More 3 Man Fast Break Drills – Set 2

Fast Break Practice

I presented Three Man Fast Break Drills – Set 1, earlier in this blog where I discussed three drills I have long used for teaching the Fast Break.  Those three served me well for many years, but as I fine tuned my Running Game with newer concepts, I decided to create another set of drills that broke the fast break down into its more fundamental parts.  Thus, Set #2 came about and I found out it not only helped in teaching the Break, but also added variety to my practices.  Since I like to work on fast break fundamentals almost every practice, Set #2 and a later Set #3 have given me the variety and coverage that really helped our Speed Game.

Often I have found that coaches see a drill run by another coach and say, “Oh, that looks like a good drill. I’m going to add that to our practice.”  But many times the drill has nothing to do with what the coach is even trying to teach his players.  Drills should only be used that fit your system and philosophy.  Copying a drill is fine, IF it helps to teach what you are trying to get your players to learn.  When it doesn’t accomplish that goal, it’s a waste of time.  Sometimes the best drills are those you make up yourself.  As a coach, you should figure out exactly what it is you want to get across to your players and make a drill to fit that goal.  You need to be creative, but logical and sensible.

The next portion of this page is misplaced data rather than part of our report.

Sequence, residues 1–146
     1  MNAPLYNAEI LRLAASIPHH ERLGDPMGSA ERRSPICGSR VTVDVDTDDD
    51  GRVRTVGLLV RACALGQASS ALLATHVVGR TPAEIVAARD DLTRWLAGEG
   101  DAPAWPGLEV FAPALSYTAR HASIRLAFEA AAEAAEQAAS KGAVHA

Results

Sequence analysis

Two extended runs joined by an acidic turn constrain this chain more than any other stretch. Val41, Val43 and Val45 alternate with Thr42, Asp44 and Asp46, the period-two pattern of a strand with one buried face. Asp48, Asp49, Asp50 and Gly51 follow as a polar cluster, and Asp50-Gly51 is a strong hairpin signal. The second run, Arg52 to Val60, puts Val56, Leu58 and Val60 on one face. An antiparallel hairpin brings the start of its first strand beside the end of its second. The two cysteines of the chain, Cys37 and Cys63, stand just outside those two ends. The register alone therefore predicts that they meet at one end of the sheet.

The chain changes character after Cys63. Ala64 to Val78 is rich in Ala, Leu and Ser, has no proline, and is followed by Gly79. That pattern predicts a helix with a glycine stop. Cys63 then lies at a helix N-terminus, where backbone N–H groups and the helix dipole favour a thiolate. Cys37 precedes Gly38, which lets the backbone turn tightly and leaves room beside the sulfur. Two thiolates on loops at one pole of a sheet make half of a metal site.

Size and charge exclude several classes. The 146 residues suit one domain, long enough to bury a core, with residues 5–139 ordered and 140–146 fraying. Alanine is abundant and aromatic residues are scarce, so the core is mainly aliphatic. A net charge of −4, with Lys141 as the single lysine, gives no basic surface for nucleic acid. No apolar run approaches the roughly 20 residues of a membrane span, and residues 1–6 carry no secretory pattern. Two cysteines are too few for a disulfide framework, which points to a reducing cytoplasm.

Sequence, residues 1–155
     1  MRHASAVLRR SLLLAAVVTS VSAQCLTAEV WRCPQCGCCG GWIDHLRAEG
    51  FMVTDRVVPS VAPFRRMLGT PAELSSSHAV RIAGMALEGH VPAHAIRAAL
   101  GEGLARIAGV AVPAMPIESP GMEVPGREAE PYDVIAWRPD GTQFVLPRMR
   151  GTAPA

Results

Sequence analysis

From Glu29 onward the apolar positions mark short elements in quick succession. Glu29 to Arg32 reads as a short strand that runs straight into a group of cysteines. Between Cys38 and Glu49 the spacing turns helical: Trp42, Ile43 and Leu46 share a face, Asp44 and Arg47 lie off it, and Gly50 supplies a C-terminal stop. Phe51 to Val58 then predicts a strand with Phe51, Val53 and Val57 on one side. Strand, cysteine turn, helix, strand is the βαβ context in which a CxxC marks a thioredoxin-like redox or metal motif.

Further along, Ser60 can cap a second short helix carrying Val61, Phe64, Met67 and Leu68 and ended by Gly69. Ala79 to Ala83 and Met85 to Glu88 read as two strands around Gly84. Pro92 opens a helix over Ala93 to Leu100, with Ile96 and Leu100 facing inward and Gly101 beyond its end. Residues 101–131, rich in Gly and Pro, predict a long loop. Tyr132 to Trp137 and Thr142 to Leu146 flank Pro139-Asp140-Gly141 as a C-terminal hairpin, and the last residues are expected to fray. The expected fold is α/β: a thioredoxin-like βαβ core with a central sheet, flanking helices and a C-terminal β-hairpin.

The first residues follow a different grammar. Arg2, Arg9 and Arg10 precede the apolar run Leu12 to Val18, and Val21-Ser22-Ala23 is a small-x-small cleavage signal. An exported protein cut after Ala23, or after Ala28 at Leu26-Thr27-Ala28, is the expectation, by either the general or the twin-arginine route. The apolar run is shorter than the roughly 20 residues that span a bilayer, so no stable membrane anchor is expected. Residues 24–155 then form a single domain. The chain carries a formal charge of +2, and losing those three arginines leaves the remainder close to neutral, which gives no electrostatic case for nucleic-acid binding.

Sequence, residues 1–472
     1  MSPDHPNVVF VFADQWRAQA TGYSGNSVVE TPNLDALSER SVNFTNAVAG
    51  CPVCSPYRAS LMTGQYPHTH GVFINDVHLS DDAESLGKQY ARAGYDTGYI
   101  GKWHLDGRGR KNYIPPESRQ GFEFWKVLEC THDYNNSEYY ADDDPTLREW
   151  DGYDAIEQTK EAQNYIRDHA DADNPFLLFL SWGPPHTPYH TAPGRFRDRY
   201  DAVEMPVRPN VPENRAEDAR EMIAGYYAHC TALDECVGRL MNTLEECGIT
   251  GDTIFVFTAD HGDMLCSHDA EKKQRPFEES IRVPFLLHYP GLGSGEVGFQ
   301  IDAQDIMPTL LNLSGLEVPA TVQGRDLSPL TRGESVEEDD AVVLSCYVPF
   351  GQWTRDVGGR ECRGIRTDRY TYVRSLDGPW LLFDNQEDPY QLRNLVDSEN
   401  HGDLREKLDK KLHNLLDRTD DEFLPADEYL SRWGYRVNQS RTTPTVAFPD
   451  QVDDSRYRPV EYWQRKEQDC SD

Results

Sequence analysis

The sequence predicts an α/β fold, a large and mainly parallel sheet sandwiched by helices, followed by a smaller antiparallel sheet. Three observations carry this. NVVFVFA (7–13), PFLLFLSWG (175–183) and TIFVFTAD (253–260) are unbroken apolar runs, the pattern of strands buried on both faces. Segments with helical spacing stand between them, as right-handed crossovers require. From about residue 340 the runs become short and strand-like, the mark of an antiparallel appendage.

The Second Set is my creation to help breakdown the three options of the Primary Fast Break: Sideline, Middle, and Cross.  Finishing with a 3 on 3 Drill (Delay Man) that is very game-like and helps with quick decisions is a logical conclusion.  Initially, Set #1 is taught and the players become comfortable with these drills before we move to Set #2.  Later, the two sets are rotated on alternating days until it is time to add Set #3.  We would then have three sets that are rotated every third day, thus adding more variety to the training of fast break fundamentals.  These are not drills for drill sake.  We are still always drilling aspects of our Break that reinforce exactly what we want to do in a game.

Set #2

The three drills in Set #2 came about after I learned the Numbers Break and its three options from various coaches and programs.  I wanted a way to teach and practice the three options, (Sideline, Middle, and Cross),  so the point guard would automatically know what to do after he gets an outlet pass.  Rather than just practicing in a 5 on 0 situation, I felt we could break things down a little more into groups of three, or 3 on 0 situations, which let us practice more reps in less time.

Drill 1 is the Sideline Pass Option